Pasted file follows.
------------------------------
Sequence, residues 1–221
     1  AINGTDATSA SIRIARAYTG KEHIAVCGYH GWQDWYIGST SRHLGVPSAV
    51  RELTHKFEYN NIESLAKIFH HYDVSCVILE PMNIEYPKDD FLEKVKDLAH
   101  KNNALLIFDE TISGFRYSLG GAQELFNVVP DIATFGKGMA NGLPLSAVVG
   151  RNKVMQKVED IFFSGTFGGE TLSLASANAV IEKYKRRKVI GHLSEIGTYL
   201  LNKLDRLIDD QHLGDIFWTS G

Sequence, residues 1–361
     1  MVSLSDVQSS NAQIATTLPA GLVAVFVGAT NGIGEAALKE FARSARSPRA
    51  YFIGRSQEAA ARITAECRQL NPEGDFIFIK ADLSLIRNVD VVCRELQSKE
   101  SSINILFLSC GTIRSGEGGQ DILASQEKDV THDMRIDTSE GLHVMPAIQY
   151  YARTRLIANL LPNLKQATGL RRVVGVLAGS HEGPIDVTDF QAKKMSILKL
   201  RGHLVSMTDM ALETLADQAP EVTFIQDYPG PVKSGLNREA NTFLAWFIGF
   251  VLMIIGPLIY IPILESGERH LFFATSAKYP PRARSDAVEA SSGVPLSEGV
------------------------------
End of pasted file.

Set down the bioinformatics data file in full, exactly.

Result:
Sequence, residues 1–221
     1  AINGTDATSA SIRIARAYTG KEHIAVCGYH GWQDWYIGST SRHLGVPSAV
    51  RELTHKFEYN NIESLAKIFH HYDVSCVILE PMNIEYPKDD FLEKVKDLAH
   101  KNNALLIFDE TISGFRYSLG GAQELFNVVP DIATFGKGMA NGLPLSAVVG
   151  RNKVMQKVED IFFSGTFGGE TLSLASANAV IEKYKRRKVI GHLSEIGTYL
   201  LNKLDRLIDD QHLGDIFWTS G

Sequence, residues 1–361
     1  MVSLSDVQSS NAQIATTLPA GLVAVFVGAT NGIGEAALKE FARSARSPRA
    51  YFIGRSQEAA ARITAECRQL NPEGDFIFIK ADLSLIRNVD VVCRELQSKE
   101  SSINILFLSC GTIRSGEGGQ DILASQEKDV THDMRIDTSE GLHVMPAIQY
   151  YARTRLIANL LPNLKQATGL RRVVGVLAGS HEGPIDVTDF QAKKMSILKL
   201  RGHLVSMTDM ALETLADQAP EVTFIQDYPG PVKSGLNREA NTFLAWFIGF
   251  VLMIIGPLIY IPILESGERH LFFATSAKYP PRARSDAVEA SSGVPLSEGV